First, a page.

40 recommendations on devolution most of which the government ducks

Government Response to CLG Select Committee Report: “Devolution: the next five years and beyond”

Many, many recommendations, few of which the government is taking on board.

Worth the read.

For example:

“Recommendations 15 / 16:
for devolution to take root and fulfil its aims, it needs to
involve and engage the people it is designed to benefit. There has been a consistent very significant lack of public consultation, engagement and communication at all stages of
the deal-making process. This is due to areas having limited time in the run up to the 4 September deadline. The Government drove the first wave of devolution deals through
at a rapid pace (considered in more detail in the next section) which meant there was no opportunity for engagement with residents, or for residents to have their say on the principle of devolution or the framework of the specific deal proposed in their area.

Despite this, we believe that local leaders could have communicated more effectively and extensively with their residents about the deal process, the contents of the deal and how it would affect them. It should, for example, have been clear to any citizen what their elected leaders were seeking to secure for the area in negotiating a devolution deal with the government.

In addition, deals involving complex negotiations between national and local politicians do not lend themselves to public engagement However, from now on, efforts should be made to engage, consult and communicate with the public at all stages of the process—in the preparation of proposals, their negotiation and following agreement.

Strategies to involve the public may include citizens’ juries, public meetings and, within the NHS and local government, staff engagement sessions. Once a deal is entrenched and its reforms have had the chance to take effect, the public should be consulted on their experience of its practical effects.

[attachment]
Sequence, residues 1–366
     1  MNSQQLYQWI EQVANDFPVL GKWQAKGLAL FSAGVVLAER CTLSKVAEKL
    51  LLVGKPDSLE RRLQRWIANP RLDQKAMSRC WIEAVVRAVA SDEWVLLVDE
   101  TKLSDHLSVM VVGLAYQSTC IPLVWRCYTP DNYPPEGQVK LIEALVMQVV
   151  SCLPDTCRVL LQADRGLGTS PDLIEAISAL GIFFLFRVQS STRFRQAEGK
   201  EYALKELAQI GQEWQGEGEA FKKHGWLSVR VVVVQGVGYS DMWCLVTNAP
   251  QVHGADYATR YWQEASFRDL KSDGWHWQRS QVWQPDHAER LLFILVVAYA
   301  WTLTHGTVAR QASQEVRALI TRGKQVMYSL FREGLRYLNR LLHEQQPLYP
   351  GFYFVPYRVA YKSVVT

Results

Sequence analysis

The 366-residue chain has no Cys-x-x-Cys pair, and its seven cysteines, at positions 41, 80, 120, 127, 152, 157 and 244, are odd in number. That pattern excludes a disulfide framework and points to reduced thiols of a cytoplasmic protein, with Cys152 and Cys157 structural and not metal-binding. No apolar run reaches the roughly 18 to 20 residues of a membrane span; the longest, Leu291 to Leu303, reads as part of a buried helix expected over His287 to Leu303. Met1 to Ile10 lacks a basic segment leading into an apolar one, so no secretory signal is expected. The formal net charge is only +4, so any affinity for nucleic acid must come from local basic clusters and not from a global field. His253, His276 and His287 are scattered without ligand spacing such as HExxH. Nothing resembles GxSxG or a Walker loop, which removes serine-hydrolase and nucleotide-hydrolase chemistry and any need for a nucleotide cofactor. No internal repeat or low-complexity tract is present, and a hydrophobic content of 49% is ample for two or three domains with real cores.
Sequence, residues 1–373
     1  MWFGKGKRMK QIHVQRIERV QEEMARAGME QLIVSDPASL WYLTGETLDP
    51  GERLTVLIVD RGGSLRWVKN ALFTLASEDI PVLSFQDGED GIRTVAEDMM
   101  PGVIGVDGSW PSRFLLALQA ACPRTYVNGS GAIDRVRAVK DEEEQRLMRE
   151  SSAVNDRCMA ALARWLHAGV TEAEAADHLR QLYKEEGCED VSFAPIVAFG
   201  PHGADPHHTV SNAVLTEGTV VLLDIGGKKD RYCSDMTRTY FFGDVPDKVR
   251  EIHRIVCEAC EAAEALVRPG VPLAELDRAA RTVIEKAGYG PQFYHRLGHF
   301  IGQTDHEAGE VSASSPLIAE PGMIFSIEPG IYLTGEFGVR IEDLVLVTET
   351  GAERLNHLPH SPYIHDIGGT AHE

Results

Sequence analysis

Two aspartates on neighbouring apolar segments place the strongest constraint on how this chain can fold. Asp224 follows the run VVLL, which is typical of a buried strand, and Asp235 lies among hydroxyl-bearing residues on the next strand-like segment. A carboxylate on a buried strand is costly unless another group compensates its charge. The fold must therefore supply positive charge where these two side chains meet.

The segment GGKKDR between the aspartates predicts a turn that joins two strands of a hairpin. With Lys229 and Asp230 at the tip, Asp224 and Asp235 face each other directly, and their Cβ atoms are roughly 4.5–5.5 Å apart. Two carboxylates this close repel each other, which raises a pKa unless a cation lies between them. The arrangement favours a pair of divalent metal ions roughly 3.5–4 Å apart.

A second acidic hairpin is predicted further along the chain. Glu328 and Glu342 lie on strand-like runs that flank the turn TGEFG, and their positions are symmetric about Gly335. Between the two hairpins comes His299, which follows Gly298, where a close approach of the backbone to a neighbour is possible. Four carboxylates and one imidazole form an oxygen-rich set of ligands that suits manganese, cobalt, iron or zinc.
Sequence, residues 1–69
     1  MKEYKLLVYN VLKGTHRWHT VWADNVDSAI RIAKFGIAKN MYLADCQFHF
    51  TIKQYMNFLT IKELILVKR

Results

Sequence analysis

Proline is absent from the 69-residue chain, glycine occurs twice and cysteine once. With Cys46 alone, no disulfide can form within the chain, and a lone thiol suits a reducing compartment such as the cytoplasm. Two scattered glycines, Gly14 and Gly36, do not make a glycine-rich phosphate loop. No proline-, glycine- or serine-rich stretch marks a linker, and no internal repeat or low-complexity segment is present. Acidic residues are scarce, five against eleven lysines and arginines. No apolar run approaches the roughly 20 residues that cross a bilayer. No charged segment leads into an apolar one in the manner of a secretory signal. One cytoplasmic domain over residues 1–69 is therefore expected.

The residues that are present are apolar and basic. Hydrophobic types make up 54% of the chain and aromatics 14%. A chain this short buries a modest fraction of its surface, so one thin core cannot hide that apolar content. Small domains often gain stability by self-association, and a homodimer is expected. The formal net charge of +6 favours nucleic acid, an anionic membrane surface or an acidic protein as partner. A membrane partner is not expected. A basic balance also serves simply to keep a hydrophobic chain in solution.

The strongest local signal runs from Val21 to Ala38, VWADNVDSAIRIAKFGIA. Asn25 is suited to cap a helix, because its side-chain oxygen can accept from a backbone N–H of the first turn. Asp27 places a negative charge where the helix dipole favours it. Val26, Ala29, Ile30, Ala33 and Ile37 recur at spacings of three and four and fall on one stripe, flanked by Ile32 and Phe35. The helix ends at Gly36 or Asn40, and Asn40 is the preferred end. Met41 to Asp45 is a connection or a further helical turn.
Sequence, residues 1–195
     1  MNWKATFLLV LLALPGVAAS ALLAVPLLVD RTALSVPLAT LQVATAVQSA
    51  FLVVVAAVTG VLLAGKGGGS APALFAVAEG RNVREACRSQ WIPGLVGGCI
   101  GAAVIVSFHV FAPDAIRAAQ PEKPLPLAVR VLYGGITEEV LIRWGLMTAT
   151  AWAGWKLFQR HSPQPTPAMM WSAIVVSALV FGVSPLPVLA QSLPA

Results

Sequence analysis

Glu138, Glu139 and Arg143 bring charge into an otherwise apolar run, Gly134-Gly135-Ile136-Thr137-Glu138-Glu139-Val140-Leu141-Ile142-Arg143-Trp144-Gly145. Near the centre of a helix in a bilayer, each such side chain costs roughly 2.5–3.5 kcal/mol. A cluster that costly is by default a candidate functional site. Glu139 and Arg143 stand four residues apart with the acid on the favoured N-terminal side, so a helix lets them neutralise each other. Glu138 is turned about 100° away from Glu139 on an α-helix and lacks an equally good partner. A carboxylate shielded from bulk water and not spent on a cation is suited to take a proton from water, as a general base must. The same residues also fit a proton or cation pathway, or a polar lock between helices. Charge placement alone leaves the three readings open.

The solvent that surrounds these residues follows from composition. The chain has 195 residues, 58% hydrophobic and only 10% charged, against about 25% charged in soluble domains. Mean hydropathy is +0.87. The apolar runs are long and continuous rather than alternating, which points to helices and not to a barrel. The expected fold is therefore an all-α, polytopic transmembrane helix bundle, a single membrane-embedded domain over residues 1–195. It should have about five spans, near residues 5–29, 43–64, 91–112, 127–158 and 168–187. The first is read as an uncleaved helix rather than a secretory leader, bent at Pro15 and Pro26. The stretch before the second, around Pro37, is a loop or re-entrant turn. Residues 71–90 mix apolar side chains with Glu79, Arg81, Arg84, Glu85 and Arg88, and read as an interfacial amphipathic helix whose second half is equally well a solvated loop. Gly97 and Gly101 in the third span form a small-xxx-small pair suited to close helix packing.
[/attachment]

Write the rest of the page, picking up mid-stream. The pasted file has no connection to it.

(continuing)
We think it is too late to engage the public only once a deal has been agreed. While it is reasonable that the actual negotiations are not open to the public, steps should be taken to inject more openness into the process by publishing on the relevant authorities’ websites:

• Devolution proposals and the Government’s counter-offers, within a reasonable time of them being made;
• An outline of what is being negotiated; and
• Drafts of the deal, and the text of the final deal.

The Government should also publish the criteria it uses to assess and agree proposals so local areas can refer to these when drawing up their devolution bid. A similar level of transparency should continue to be maintained once the deal has been agreed.”(Paragraph 56)
(Paragraph 53)

and here is the government response:

“The Government agrees that devolution needs to involve and engage the public, and would see continued value in engagement once a deal has been agreed. Deals are iterative (as evidenced by the progress made by Greater Manchester) and the Government’s expectation would be that elected representatives in the local area should seek the views of their constituents through whatever means they deem appropriate.

The Government would expect devolution deals, negotiated between locally elected leaders and central government, to reflect what people in the local area want and need. Additionally, when establishing, or amending, a Combined Authority there is a statutory requirement to hold a public consultation, while local authorities in deal areas also remain subject to the Best Value Duty with its associated requirements around consultation related to commissioning in particular.

The Government does not share the Committee’s view that there should be assessment criteria to agree deals. This is because there is no blueprint for devolution proposals; the only stipulation is that the governance arrangements should be commensurate with the powers being devolved. All devolution deals are bespoke and will vary depending on the asks from local areas.

All of the devolution deals agreed to date include clear commitments from Government and local areas on implementing, monitoring, evaluating and ensuring accountability, and the text of all agreed deals has been published online. The Government is committed to continuing to publish deals as more are agreed.”

Click to access CM9291-_Select_Comittee_Response.pdf_-_Print.pdf